Response to Reply #4
5. We can't directly control it, but we can discourage it.
And we're not really doing that now.

"Ultimately, my trafficker was charged with labor abuse and got a light sentence - only 6 months of house arrest."
I'd be happy if I got busted with a joint and got six months house arrest. Make that 10-20 years mandatory sentence and you'll see this kind of thing drop off. It won't end it entirely, but it will die back. If for no other reason than because the people willing to do it are rotting in prison for 1-2 decades. Seizing the assets of the trafficker and the company that keeps slaves seems like it might not be out of line either. We can do it for drugs, why not slavery?

I can think of very few things I'm in favor of really harsh punishment to make an example of someone over, but slavery is one of them.
Printer Friendly | Permalink |  | Top
 
Blue_Tires Donating Member (1000+ posts) Send PM | Profile | Ignore Wed Apr-06-11 03:00 PM
Response to Reply #5
15. +1
Printer Friendly | Permalink |  | Top
 
Hugabear Donating Member (1000+ posts) Send PM | Profile | Ignore Wed Apr-06-11 01:04 PM
Response to Reply #4
8. Maybe "control" wasn't quite the right phrase to use
But the more public awareness we can bring to these problems, the more pressure we can put on our elected politicians and law enforcement officials to take action, to make this a higher priority.

For example: think about how much money we spend on the futile "war on drugs" - imagine how much of a difference we could make if we took just 10% of that money and focused on human trafficking instead?
Printer Friendly | Permalink |  | Top
 
Sherman A1 Donating Member (1000+ posts) Send PM | Profile | Ignore Wed Apr-06-11 02:31 PM
Response to Reply #8
13. Agreed
While I suspect it will never be eradicated a much higher priority must be placed upon it with much harsher sentences.

I for one would be okay for the en-slaver to be (after their day in court and a fair trial ) convicted and sentenced to clearing the abandoned minefields of the world with a stick. In this case they would serve a useful purpose for at least a short time period.
Printer Friendly | Permalink |  | Top
 
uppityperson Donating Member (1000+ posts) Send PM | Profile | Ignore Wed Apr-06-11 11:05 AM
Response to Reply #1
6. "I don't mean to downplay this story. But " But you do try to. Inappropriate.
Printer Friendly | Permalink |  | Top
 
Donald Ian Rankin Donating Member (1000+ posts) Send PM | Profile | Ignore Wed Apr-06-11 01:11 PM
Response to Original message
9. The useful response is "what kind of government policies would reduce the incidence of this?"
I'm not entirely certain what the answer to that question is - ones that leap to mind include making legal immigration easier and better enforcement of border controls, but I'm not sure how much either of those would help.
Printer Friendly | Permalink |  | Top
 
Hugabear Donating Member (1000+ posts) Send PM | Profile | Ignore Wed Apr-06-11 01:15 PM
Response to Reply #9
12. Perhaps a higher priority for law enforcement
Honestly I don't know what the actual figures are, or how much we spend cracking down on human trafficking. But it can't be anywhere near as close to the amount of money we spend waging the "war on drugs".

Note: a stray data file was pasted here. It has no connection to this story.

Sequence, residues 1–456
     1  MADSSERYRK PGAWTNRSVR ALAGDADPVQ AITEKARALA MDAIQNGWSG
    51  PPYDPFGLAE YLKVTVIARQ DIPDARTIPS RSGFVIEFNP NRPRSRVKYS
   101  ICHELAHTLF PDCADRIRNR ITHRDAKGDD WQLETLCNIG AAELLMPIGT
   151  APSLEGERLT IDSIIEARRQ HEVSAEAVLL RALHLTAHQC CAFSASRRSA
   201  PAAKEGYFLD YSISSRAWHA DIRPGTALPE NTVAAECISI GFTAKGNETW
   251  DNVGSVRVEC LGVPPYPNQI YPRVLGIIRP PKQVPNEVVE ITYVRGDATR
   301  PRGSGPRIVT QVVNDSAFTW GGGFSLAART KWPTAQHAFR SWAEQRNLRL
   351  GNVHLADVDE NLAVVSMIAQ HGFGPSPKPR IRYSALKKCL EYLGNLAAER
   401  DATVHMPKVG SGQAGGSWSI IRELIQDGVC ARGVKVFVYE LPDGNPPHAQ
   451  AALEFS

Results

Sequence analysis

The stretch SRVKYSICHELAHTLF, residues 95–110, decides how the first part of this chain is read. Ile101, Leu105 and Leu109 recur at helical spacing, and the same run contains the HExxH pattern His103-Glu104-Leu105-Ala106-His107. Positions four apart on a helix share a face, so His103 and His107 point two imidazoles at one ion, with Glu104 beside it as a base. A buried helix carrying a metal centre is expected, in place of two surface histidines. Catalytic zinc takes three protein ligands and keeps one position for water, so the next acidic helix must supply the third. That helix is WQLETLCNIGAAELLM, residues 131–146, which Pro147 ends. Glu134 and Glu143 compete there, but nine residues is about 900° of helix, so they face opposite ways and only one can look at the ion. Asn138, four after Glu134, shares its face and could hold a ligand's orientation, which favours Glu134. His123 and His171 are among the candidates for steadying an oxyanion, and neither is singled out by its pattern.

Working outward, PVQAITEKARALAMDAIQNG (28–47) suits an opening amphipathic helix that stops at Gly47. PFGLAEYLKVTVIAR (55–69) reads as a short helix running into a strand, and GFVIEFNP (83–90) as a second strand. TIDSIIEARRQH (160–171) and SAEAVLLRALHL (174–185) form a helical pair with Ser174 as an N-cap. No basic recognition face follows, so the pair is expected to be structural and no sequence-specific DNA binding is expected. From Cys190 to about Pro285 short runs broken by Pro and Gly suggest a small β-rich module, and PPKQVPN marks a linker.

Printer Friendly | Permalink |  | Top
 
Donald Ian Rankin Donating Member (1000+ posts) Send PM | Profile | Ignore Wed Apr-06-11 02:58 PM
Response to Reply #12
14. Actually, I think this is one of the few arguments *against* scaling back the "war on drugs".
My understanding is that there is an awful lot of overlap between drug smuggling and people smuggling, in terms both of who does them and what pipelines are used.
Printer Friendly | Permalink |  | Top
 
reggie the dog Donating Member (1000+ posts) Send PM | Profile | Ignore Wed Apr-06-11 04:15 PM
Response to Reply #14
16. leagalize drugs
and accept way more immigrants legally, that will cut down on smuggling
Printer Friendly | Permalink |  | Top
 
Taverner Donating Member (1000+ posts) Send PM | Profile | Ignore Wed Apr-06-11 01:14 PM
Response to Original message
11. Slavery still exists, just ask an ex-Scientologist nt
Printer Friendly | Permalink |  | Top
 
DU AdBot (1000+ posts) Click to send private message to this author Click to view 
this author's profile Click to add 
this author to your buddy list Click to add 
this author to your Ignore list Sun Sep 21st 2014, 06:38 PM
Response to Original message
Advertisements [?]
 Top

Home » Discuss » General Discussion Donate to DU

Powered by DCForum+ Version 1.1 Copyright 1997-2002 DCScripts.com
Software has been extensively modified by the DU administrators


Important Notices: By participating on this discussion board, visitors agree to abide by the rules outlined on our Rules page. Messages posted on the Democratic Underground Discussion Forums are the opinions of the individuals who post them, and do not necessarily represent the opinions of Democratic Underground, LLC.

Home  |  Discussion Forums  |  Journals |  Store  |  Donate

About DU  |  Contact Us  |  Privacy Policy

Got a message for Democratic Underground? Click here to send us a message.

© 2001 - 2011 Democratic Underground, LLC